A Preview of 2012?

Saturday, May 29, 2010
By Paul Martin

80% Favor Auditing the Federal Reserve

LewRockwell.com

Eighty percent (80%) of Americans now agree with Congress that auditing the Federal Reserve Board is a good idea, according to a new Rasmussen Reports national telephone survey.

Just nine percent (9%) oppose an audit of the Fed, and 12% more are not sure.

This marks little change from December. But it’s up five points from last July when Congressman Ron Paul’s proposal began to gain steam in Congress.

Fed Chairman Ben Bernanke has consistently opposed such an audit of the Fed’s monetary policies, but it’s included in the major financial regulatory legislation now being pushed through Congress. Forty-six percent (46%) of Americans oppose more government regulation of the U.S. financial system, but 37% are in favor of it. Just 27% favor giving the Fed more regulatory control over the financial system.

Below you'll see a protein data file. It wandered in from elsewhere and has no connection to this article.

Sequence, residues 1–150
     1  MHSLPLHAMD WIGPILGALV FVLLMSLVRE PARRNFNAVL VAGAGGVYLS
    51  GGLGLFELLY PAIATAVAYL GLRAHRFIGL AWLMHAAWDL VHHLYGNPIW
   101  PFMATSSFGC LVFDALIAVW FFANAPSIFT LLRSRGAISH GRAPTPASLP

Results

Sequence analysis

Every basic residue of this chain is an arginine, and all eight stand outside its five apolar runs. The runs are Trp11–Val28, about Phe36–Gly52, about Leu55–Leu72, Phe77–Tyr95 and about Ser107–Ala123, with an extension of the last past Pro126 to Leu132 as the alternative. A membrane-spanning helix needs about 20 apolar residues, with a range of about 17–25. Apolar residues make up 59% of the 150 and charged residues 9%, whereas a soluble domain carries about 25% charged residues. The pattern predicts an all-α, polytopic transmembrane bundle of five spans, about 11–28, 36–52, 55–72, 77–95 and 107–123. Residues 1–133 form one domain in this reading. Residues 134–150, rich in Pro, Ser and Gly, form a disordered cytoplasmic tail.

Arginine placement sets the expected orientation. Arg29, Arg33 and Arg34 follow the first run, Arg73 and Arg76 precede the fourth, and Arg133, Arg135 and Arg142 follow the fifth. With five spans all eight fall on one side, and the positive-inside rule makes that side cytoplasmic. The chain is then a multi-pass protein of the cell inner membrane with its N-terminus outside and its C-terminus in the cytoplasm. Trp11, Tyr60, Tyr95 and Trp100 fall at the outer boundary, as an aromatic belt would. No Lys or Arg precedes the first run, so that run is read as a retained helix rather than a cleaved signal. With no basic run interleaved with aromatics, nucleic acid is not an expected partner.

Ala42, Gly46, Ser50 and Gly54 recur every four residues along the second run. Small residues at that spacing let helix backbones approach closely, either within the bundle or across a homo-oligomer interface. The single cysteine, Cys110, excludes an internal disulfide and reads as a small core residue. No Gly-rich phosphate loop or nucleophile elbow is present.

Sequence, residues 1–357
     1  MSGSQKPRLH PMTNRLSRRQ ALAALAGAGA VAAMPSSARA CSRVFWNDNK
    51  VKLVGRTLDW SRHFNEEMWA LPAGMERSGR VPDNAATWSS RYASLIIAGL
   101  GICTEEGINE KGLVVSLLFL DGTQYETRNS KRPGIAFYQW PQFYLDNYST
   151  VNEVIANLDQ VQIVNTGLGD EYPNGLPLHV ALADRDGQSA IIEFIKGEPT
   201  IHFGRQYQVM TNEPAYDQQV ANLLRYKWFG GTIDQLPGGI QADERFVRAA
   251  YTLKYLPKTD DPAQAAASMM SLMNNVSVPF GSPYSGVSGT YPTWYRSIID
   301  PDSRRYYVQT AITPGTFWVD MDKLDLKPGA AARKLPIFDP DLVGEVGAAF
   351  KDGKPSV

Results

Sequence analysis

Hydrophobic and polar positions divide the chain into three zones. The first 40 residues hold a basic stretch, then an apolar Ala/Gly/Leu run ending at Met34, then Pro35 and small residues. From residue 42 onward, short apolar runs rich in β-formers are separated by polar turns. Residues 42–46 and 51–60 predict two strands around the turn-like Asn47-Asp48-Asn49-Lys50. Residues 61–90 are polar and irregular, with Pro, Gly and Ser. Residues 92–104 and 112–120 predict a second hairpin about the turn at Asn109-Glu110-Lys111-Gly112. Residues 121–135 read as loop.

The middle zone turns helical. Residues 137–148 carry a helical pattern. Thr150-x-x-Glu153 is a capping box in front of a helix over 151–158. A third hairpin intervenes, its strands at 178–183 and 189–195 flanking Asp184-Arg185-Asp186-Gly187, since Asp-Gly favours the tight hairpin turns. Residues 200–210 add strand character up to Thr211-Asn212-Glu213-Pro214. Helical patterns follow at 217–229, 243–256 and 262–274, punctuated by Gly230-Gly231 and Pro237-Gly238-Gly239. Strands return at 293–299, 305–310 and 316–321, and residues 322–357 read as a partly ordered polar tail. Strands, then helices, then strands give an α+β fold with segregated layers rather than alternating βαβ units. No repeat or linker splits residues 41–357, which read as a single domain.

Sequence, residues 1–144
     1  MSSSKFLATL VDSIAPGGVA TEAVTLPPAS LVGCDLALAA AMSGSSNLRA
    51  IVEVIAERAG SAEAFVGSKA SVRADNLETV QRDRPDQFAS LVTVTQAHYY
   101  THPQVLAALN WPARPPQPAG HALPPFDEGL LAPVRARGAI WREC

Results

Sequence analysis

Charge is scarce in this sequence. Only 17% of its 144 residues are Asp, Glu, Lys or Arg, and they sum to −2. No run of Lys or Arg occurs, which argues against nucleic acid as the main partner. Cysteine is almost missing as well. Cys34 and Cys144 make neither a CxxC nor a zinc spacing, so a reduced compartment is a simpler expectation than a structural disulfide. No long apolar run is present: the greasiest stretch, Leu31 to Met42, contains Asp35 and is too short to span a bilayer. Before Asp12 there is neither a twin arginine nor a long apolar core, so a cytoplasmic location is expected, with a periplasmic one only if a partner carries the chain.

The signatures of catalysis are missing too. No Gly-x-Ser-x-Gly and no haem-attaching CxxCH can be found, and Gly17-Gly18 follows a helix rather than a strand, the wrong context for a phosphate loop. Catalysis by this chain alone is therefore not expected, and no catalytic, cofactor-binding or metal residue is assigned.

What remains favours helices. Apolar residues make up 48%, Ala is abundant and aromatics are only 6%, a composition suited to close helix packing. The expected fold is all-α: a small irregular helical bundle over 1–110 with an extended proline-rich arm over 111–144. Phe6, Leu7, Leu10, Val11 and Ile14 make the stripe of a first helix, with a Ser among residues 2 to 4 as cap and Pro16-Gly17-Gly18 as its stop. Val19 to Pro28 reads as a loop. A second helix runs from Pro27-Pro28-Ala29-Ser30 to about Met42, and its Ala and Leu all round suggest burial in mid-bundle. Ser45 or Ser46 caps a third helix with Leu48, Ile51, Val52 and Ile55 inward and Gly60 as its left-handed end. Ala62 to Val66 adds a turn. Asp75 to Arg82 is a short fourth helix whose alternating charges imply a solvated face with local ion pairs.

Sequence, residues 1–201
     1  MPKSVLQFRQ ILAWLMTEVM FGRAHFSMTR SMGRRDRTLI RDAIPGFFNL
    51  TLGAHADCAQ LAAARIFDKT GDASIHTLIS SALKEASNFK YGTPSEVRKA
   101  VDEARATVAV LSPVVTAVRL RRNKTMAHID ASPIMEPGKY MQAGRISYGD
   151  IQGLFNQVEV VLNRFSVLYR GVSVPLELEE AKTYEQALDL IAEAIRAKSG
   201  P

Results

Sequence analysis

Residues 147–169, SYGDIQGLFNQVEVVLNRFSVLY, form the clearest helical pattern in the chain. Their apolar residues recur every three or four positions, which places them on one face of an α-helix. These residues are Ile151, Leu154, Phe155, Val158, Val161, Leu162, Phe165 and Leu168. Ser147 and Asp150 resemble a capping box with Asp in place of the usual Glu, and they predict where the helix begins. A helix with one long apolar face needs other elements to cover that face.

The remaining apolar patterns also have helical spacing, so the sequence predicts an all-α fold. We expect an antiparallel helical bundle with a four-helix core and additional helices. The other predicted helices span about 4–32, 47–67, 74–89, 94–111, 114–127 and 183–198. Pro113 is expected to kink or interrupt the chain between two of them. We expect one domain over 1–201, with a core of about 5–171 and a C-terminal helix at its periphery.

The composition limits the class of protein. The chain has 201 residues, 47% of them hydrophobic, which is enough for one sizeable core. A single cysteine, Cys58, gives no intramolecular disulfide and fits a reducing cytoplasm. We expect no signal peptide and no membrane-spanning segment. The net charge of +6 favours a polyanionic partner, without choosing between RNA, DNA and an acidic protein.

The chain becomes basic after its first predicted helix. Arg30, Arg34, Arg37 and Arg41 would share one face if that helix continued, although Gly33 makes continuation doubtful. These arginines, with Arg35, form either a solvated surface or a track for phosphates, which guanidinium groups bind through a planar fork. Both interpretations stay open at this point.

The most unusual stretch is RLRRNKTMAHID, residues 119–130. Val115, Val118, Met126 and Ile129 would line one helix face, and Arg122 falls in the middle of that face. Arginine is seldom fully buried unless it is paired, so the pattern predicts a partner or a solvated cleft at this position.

The survey of 1,000 U.S. Adults was conducted on May 21–22, 2010 by Rasmussen Reports. The margin of sampling error is +/–3 percentage points with a 95% level of confidence. Field work for all Rasmussen Reports surveys is conducted by Pulse Opinion Research, LLC. See methodology.

Investors support an audit of the Fed even more strongly than non-investors.

Republicans and adults not affiliated with either major party also favor an audit more than Democrats do, but support for auditing the Fed is high across all demographic groups.

Congressional supporters of the audit see it in part as a way to check how much the Fed’s actions are influenced by political pressure. Sixty percent (60%) of Americans believe the Fed chairman is influenced by the president in his decision-marking. Just 20% say the chairman acts independently.

Bernanke and the Fed have been key players in the Obama administration’s unpopular stimulus and bailout plans.

Americans were evenly divided over whether Bernanke should stay or go just before the Senate confirmed the president’s nomination of him to a second term as Fed chairman.

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